After reading about it in many a history class, and watching and hearing it mentioned in countless movies, I was finally able to witness first-hand what the Oracle of Delphi is all about.
My friend, Anthony, hired a private car and driver to take us on an overnight trip to the central part of Greece to see Delphi, Thermopylae, and Meteora. Cannot think of a better way to travel — loved it!
On the way there, our driver played a background video about the Oracle and the myth behind it. Talk about a crash course in ancient Greek history.
When we arrived at the site, I was so excited to be there I mistook the circular Tholos at the Sanctuary of Athena to be the site of the Oracle. Turns out that that’s further up the mountain. The area of the Athena Temple has been occupied as early as 5000 BCE but the temple structures themselves date back to the 7th-4th century BCE. It’s all incredibly old and impressive.
Just half a mile up Mt Parnassus is the famous site of the Oracle itself, the Temple of Apollo.
Story goes that the Oracle was a priestess who fell into a trance when she went into a room that had a chasm emitting vapors. She would come out talking gibberish which other priests interpreted as prophecies. Modern scientists are guessing the vapors were ethylene. There you go.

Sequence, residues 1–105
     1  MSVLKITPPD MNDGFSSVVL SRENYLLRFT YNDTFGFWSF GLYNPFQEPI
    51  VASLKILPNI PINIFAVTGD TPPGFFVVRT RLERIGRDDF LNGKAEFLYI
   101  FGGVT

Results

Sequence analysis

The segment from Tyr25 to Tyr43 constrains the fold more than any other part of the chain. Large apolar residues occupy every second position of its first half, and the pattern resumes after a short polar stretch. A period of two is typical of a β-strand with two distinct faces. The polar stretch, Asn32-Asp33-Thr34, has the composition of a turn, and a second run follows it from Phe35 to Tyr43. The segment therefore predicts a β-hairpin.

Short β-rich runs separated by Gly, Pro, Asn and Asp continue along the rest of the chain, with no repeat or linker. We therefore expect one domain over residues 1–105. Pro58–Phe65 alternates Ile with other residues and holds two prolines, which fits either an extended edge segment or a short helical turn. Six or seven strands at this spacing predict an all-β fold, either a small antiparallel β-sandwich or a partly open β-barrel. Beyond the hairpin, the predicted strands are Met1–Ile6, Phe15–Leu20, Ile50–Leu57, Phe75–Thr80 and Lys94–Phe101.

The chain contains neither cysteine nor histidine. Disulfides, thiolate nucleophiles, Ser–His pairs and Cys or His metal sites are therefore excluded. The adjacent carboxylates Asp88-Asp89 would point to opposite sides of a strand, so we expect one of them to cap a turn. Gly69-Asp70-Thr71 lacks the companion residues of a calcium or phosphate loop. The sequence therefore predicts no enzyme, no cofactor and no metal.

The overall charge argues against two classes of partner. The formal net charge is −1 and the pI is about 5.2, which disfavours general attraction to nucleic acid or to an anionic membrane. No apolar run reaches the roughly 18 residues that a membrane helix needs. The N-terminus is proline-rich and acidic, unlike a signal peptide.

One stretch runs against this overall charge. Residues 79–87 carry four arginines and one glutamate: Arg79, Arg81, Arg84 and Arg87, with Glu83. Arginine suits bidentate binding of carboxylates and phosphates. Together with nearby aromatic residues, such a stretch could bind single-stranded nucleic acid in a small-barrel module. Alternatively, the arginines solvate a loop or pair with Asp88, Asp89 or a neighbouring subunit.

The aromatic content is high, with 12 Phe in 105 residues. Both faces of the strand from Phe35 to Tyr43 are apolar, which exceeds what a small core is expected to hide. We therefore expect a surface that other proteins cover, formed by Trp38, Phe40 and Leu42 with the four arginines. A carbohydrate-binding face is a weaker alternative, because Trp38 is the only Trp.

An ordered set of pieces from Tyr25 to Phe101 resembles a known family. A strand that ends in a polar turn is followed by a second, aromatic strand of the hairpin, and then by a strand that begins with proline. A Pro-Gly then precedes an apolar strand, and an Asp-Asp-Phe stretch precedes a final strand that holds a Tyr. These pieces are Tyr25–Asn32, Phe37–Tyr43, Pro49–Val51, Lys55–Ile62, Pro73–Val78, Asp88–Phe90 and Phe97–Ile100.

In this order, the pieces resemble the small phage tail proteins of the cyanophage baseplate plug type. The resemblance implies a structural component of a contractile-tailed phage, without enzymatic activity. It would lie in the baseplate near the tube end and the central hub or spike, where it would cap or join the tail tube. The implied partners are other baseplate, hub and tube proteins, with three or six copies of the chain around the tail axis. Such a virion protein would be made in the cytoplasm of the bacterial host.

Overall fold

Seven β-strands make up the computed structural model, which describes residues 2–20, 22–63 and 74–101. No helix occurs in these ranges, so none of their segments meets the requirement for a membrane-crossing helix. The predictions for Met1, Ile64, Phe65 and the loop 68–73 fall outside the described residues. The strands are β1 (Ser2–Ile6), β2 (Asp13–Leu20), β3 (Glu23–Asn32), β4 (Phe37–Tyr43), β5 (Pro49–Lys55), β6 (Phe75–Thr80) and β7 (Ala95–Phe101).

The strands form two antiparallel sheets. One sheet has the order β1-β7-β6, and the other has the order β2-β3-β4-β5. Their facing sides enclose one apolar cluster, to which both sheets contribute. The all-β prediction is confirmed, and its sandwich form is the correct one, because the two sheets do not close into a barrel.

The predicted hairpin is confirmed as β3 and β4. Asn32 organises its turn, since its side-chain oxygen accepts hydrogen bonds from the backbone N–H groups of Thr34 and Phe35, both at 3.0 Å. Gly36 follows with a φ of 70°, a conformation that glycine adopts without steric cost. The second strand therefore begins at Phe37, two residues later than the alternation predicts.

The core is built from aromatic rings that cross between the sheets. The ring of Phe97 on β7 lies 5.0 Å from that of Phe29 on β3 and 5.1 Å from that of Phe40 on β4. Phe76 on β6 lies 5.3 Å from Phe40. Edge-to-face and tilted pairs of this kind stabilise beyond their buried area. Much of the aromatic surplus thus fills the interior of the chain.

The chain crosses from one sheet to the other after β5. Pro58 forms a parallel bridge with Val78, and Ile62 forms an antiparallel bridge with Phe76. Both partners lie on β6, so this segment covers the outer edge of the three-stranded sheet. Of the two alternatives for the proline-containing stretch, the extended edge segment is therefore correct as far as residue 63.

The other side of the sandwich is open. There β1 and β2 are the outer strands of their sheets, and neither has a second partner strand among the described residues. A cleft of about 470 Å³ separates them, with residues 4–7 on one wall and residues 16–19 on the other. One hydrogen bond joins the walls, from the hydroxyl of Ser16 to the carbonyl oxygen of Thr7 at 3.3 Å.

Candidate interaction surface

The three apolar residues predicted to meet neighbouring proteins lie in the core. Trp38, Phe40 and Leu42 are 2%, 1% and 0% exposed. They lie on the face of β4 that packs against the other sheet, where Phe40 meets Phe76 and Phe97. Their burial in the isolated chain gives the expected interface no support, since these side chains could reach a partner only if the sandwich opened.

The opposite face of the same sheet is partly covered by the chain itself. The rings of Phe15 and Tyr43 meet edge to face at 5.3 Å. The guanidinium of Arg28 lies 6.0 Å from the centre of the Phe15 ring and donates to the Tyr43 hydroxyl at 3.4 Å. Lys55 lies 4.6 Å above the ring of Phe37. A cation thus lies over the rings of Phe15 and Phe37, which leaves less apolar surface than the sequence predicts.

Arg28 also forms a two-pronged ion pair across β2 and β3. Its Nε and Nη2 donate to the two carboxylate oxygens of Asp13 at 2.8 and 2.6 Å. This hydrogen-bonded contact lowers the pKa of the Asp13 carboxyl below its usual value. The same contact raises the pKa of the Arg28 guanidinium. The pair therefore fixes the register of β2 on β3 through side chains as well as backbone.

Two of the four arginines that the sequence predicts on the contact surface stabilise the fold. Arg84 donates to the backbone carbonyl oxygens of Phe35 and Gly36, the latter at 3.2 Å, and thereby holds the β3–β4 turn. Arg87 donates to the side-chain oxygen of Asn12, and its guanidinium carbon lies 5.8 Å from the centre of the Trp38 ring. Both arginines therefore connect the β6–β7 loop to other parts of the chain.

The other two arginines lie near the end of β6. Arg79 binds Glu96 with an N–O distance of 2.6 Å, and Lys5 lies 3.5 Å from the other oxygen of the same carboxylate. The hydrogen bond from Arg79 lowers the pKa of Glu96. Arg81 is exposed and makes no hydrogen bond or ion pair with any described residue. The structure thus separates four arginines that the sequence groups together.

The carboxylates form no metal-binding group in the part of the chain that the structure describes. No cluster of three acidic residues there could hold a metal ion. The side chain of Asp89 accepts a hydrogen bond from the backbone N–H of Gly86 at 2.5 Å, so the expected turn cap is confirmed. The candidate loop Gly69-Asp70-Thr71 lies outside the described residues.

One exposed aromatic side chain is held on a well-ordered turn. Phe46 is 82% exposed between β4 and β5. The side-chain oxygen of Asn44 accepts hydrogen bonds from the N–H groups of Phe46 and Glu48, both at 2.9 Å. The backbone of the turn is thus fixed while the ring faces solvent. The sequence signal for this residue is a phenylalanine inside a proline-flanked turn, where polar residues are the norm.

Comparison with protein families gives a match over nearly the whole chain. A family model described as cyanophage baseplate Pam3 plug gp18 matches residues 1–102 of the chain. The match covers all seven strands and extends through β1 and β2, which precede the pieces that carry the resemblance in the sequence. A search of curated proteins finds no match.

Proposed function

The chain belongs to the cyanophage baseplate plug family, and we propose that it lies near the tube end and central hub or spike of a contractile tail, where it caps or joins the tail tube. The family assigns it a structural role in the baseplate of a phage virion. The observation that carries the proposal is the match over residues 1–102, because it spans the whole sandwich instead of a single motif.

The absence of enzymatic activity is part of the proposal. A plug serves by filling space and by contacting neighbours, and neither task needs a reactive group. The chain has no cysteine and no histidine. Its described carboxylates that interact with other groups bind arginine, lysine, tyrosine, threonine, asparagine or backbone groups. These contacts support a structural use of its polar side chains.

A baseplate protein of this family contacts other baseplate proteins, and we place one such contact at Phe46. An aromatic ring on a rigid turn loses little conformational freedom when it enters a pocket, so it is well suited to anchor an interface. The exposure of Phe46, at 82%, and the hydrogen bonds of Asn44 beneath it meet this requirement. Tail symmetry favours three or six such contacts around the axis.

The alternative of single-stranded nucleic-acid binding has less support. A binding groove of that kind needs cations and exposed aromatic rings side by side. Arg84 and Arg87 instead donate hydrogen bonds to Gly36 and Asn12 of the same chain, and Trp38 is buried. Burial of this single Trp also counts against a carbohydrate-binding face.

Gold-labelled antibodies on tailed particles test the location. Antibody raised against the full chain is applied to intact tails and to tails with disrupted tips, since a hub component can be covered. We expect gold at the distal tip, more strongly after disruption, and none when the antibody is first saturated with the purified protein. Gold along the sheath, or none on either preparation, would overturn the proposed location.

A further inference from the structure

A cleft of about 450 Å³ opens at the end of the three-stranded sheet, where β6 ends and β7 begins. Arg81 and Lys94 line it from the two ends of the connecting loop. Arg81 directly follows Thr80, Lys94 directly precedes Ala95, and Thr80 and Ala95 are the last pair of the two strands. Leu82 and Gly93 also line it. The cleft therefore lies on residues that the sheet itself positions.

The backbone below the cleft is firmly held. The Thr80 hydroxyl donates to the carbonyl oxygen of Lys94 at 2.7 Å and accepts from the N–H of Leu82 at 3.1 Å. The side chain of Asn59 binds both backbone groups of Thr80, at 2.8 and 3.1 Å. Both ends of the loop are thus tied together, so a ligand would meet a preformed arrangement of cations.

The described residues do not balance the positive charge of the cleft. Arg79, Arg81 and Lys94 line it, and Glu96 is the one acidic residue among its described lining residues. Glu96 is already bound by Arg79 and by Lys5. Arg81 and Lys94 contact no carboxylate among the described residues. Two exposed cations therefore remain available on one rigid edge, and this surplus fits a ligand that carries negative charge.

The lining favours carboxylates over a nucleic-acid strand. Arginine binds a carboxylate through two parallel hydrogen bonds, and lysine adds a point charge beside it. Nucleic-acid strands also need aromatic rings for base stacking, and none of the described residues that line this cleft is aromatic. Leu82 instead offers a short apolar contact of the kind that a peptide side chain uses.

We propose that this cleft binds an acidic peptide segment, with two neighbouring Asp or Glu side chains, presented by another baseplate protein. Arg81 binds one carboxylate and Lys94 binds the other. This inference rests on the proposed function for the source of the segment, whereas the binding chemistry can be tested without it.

The worse thing that can happen to a photographer is to run out of film – in the digital age, it would be to run out of battery life. Ugh! Having made sure I plugged in my camera to recharge it the night before, turns out the plug was loose and didn’t charge the camera at all. So here I was with possibly a handful of shots left and having to decide what was important enough to shoot. Technology being what it is, give it a couple more years I suppose and someone will come up with a solution, but for that moment my trigger finger itched to no satisfying end.
I guess I should have consulted an oracle beforehand.
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